Governor Jerry Brown signed a historic bill today that will protect the health of consumers, workers, families, firefighters, and the environment by phasing out harmful flame-retardant chemicals in upholstered furniture, children’s products, and some mattresses. Given the size of California’s market, this law is expected to push companies to make products safer for the entire nation.
For decades, flame retardants have been needlessly used in everything from furniture to children’s products. These toxic chemicals — which have been linked to cancer, thyroid disruption,memory and learning problems, delayed mental and physical development, lower IQ, advanced puberty, hormone disruption and reduced fertility — migrate into household dust that is then ingested and inhaled by humans, pets, and wildlife. As a result, they are now ubiquitous in our households and workplaces and have steadily built up in the environment and in human bodies.
“Governor Brown has cemented his legacy of protecting Californians from toxic flame retardants today,” said Center for Environmental Health’s (CEH) Alvaro Casanova. “This new law represents a landmark victory for public health and a testament to what is possible when lawmakers follow sound science over chemical industry propaganda.”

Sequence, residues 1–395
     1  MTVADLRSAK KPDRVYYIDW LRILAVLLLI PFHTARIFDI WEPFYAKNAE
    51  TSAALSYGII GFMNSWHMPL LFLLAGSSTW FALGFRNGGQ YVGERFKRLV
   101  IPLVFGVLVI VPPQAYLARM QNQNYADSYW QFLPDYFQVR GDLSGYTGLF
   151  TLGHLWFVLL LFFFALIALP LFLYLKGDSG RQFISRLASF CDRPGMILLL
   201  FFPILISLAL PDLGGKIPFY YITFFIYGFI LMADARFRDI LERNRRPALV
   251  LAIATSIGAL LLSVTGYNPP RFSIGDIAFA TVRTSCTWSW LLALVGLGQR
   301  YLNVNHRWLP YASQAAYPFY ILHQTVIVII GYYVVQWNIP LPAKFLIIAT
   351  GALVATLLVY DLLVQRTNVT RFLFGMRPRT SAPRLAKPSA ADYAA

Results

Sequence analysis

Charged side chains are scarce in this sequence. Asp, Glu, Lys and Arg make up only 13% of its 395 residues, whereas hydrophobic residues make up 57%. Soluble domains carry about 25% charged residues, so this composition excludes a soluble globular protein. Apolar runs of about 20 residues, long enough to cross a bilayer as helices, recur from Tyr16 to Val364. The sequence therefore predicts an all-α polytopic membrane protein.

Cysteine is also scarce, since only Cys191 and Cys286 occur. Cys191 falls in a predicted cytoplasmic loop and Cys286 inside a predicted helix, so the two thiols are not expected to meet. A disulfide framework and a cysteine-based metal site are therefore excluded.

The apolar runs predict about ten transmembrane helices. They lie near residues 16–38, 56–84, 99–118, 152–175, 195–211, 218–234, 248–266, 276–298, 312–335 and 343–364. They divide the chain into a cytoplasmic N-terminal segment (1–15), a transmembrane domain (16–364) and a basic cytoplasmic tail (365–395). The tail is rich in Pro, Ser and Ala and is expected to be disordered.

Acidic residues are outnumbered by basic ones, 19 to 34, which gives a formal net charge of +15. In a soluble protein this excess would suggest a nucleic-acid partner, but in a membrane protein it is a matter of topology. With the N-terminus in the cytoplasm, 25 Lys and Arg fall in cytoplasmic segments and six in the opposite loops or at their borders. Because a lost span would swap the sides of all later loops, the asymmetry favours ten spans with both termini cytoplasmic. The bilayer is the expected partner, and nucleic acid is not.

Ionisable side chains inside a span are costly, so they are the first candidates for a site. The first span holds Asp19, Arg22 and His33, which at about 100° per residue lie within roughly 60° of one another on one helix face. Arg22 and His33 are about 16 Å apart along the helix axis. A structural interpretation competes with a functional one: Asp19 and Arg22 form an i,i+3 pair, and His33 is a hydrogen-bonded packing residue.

Children are particularly vulnerable to these toxic chemicals because their brains and reproductive organs are still developing, and they come into greater contact with household dust than adults because they crawl, play on the floor and furniture, and put their toys and hands in their mouths. Further, as flame retardants burn, the fire and smoke that firefighters are exposed to becomes more toxic, which has been linked to higher risks of cancer among our first responders.
For decades, the chemical industry has pushed the notion that flame-retardant chemicals are essential for stopping household fires. Yet, fire safety experts, including studies by California’s Bureau of Electronic and Appliance Repair, Home Furnishings and Thermal Insulation (BEARHFTI), the Consumer Product Safety Commission and the National Fire Protection Association, have found that flame retardants in these products are not necessary to protect against real-world fires.
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